When defining multiple machines, vagrant commands are applied to all by default. So you can start both of machines with "vagrant up" in the same directory where the Vagrantfile is. After a while, both machine have booted.

Then you can ssh into "ansible" with vagrant ssh ansible. On login, you should see something like

Setting up Ansible to run out of checkout...
 The directory, where the Vagrant file is, can be found from /vagrant. In that directory, you can fined a inventory file (development-hosts) and simple playbook (base.yml). To make sure that everything is working, go to /vagrant -directory and execute

ansible -i development-hosts -u vagrant -k -m ping all
which will ask for a password (which is "vagrant") and should then print

ansible | success >> {
    "changed": false,
    "ping": "pong"
deployment | success >> {
    "changed": false,
    "ping": "pong"
The command  "ansible -i development-hosts -k -m ping all" is different than the one in tutorial. "-i development-hosts" tells ansible to use given file as inventory, "-u vagrant" means that the user who makes connection is vagrant and "-k" makes ansible to ask a ssh password. The "-u vagrant" is not necessary here, because without it, ansible would use the username of currently logged in user.

When ping is working, you can run the "base.yml" playbook with

ansible-playbook -i development-hosts -k base.yml
This playbook will output information about default ipv4 interface using debug -module.

Now you have a pretty good playground for trying out Ansible. First thing to do would be setting up public key authentication so you do not need to write password all the time (hint: authorized_key module in ansible)

tiistai 6. toukokuuta 2014

Initialize virtual machine with Vagrant

I like to have well defined environment for my projects. By "well defined" I mean that the environment must be explicitly defined, ie. there must be a way to initialize whole environment over and over again while being sure that the environment is exactly the same.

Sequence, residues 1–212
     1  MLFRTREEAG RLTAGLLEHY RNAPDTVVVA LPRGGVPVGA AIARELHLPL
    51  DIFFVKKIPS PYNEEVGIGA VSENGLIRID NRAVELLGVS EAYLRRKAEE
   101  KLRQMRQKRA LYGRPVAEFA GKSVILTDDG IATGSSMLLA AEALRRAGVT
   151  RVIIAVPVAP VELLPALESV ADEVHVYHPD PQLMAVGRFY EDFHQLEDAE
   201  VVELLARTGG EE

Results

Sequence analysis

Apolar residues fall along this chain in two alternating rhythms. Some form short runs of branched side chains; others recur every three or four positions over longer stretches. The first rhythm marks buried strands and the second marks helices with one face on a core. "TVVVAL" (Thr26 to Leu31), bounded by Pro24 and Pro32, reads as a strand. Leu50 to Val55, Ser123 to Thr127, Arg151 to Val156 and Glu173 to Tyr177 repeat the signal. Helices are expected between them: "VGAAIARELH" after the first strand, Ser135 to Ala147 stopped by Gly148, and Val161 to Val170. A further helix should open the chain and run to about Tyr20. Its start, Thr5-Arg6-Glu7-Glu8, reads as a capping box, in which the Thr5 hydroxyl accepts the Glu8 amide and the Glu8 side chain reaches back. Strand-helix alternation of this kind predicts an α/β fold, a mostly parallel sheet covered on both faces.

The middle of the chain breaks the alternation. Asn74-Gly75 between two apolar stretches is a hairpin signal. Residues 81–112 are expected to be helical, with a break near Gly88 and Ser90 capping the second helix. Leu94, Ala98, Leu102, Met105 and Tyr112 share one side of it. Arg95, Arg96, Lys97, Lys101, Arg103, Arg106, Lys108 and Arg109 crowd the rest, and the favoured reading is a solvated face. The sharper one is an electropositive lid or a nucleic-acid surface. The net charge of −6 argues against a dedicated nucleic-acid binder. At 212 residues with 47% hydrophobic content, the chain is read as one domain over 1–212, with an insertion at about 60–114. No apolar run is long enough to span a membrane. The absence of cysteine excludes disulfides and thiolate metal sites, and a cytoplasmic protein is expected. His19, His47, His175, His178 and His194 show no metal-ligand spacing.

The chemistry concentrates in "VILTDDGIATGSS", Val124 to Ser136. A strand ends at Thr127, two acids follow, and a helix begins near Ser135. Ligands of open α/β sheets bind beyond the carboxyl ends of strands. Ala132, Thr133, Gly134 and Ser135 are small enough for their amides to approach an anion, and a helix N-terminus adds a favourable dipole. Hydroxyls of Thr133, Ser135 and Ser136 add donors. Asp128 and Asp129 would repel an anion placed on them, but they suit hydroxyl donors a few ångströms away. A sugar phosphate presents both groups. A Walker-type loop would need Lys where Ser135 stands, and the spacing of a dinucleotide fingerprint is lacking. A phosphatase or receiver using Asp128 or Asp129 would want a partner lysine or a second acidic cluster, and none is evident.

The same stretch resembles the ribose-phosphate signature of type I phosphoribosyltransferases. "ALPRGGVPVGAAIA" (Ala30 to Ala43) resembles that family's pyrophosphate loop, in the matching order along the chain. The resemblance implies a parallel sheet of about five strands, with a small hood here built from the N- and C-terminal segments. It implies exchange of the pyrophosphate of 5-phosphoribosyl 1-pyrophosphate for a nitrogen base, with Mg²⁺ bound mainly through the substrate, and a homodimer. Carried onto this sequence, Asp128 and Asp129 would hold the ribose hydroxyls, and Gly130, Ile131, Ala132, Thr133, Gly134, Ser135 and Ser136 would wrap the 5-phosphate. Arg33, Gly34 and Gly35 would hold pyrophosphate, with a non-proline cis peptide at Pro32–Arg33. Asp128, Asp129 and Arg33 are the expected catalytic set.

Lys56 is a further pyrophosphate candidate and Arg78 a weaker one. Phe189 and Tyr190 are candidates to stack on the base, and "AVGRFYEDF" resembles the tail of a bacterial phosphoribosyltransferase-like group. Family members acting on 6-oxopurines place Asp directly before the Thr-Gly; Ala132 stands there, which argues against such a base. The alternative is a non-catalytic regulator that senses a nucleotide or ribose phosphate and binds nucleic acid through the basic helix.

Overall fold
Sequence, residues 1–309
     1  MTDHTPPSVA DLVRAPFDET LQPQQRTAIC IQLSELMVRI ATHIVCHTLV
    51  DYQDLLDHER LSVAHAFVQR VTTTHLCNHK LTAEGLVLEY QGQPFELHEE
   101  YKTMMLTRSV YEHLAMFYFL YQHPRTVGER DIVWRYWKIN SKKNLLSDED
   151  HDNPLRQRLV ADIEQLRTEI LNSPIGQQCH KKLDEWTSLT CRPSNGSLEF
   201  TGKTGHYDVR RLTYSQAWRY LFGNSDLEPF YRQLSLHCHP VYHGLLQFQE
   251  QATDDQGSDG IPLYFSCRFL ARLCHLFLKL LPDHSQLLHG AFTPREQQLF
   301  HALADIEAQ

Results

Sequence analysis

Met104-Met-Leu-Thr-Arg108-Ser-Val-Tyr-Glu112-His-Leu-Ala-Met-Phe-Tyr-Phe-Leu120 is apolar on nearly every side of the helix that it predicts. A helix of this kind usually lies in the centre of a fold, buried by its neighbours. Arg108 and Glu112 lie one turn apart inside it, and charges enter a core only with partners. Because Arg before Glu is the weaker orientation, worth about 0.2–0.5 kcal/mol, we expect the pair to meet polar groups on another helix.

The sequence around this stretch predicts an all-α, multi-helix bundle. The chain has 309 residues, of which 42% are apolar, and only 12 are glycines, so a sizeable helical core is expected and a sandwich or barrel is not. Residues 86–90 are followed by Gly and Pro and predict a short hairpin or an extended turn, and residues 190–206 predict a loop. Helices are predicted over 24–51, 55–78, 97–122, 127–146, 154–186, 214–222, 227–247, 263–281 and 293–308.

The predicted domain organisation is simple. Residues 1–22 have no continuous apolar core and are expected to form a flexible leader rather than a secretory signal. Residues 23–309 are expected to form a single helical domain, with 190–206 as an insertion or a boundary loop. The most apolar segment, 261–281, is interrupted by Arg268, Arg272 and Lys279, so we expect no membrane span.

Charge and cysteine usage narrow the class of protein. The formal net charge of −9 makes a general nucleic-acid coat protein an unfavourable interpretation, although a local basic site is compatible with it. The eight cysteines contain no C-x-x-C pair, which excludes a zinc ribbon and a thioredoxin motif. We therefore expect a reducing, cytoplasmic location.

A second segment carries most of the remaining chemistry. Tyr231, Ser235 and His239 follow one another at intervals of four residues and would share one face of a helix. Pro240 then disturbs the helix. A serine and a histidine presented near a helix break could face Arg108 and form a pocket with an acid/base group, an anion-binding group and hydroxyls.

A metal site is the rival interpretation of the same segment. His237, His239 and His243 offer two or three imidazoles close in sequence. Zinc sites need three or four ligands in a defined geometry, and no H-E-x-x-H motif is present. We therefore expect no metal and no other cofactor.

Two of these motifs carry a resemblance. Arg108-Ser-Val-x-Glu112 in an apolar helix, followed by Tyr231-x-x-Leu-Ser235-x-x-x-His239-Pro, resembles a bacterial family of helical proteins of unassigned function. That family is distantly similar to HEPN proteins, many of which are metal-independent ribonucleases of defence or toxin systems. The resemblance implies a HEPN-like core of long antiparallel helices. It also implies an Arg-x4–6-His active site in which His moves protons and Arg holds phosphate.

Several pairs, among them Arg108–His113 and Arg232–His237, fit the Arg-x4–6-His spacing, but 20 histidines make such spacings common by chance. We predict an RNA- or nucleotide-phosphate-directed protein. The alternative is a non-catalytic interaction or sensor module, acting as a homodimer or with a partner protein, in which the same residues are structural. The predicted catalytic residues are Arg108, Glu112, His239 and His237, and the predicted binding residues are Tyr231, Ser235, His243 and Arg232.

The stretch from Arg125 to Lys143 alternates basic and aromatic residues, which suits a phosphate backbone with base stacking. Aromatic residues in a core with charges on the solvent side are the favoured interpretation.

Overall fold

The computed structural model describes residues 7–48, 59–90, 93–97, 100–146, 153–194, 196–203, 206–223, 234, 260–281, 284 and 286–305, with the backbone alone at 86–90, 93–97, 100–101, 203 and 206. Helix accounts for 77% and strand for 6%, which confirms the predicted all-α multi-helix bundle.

In Linux world, environment can be defined as distribution (ie. Fedora, Ubuntu, Mint), installed packages and configurations. These are actually a major dependency to your whole project, and they can cause major headaches. Packages are continuously updated with security and bug fixes, their behavior can change, the version of packages can be different between different distribution and even between installations. So these must be controlled.

I've previously blogged about how Veewee can be used for creating VirtualBox -images in controlled manner. In those posts, I created a Fedora 20 -image from scratch. One of the key files in that process is the kicstart -definition, which is specific to Redhat -derived distros. In this kickstart file, you can define what packages to install into your system. Major caveat here is that then you are tightly coupled to Redhat -distros. Also updating these packages in controlled manner is impossible.

Configurations are completely different beast. If you ssh into your environment and make a change, changes are that you will not remember to do the same change next time. So you're creating so called "Snowflake" -environments.

So you need a tool for handling packages and configurations. Main option here are Puppet, Chef, CF-Engine, Salt and Ansible. Others exists, but I would say that those are the biggest ones.

But how you can use these for initializing virtual machine? First step is to create running instances which are identical to each other.

First, you should have a way to control your Virtual machine with definition files that can be in version control system. Veewee is a tool which can define the basics of VM, ie. things like disk size, operating system, some boot stuff.

Veewee can then output Vagrant boxes, which are binary files. Vagrant is a tool for controlling VM instances, ie. creating, starting, stopping and destroying.

After you've created and added a Vagrant box, you can start using it.

vagrant init basic-fedora-20-x86_64

This command creates an Vagrantfile into your current directory. The Vagrantfile is a text file, which can then be controlled. In simplest form, it is just


Vagrant.configure(VAGRANTFILE_API_VERSION) do |config| = "basic-fedora-20-x86_64"

"vagrant init" creates a Vagrantfile, which has a lot of commented lines. I'd recommend that you read all of them. Seriously.

After this, you can just execute in the directory where the Vagrantfile is
vagrant up

Which will start your virtual machine defined in Vagrantfile. This might take some time, but after this you can ssh into your box.

vagrant ssh

This will log you in as "vagrant" -user. As the kickstart file, which defines the basic things for Fedora installation, sets the passwordless sudo for vagrant user, you have all the control needed.

Be free to fool around, but remember that every change you make is persisted. If you want to a clean environment, you have to logout from the running virtual machine and execute
vagrant destroy
vagrant up

Lastly, you can stop the instance with
vagrant halt

and bring it back up with
vagrant up

lauantai 26. huhtikuuta 2014

Building Fedora 20 image with Veewee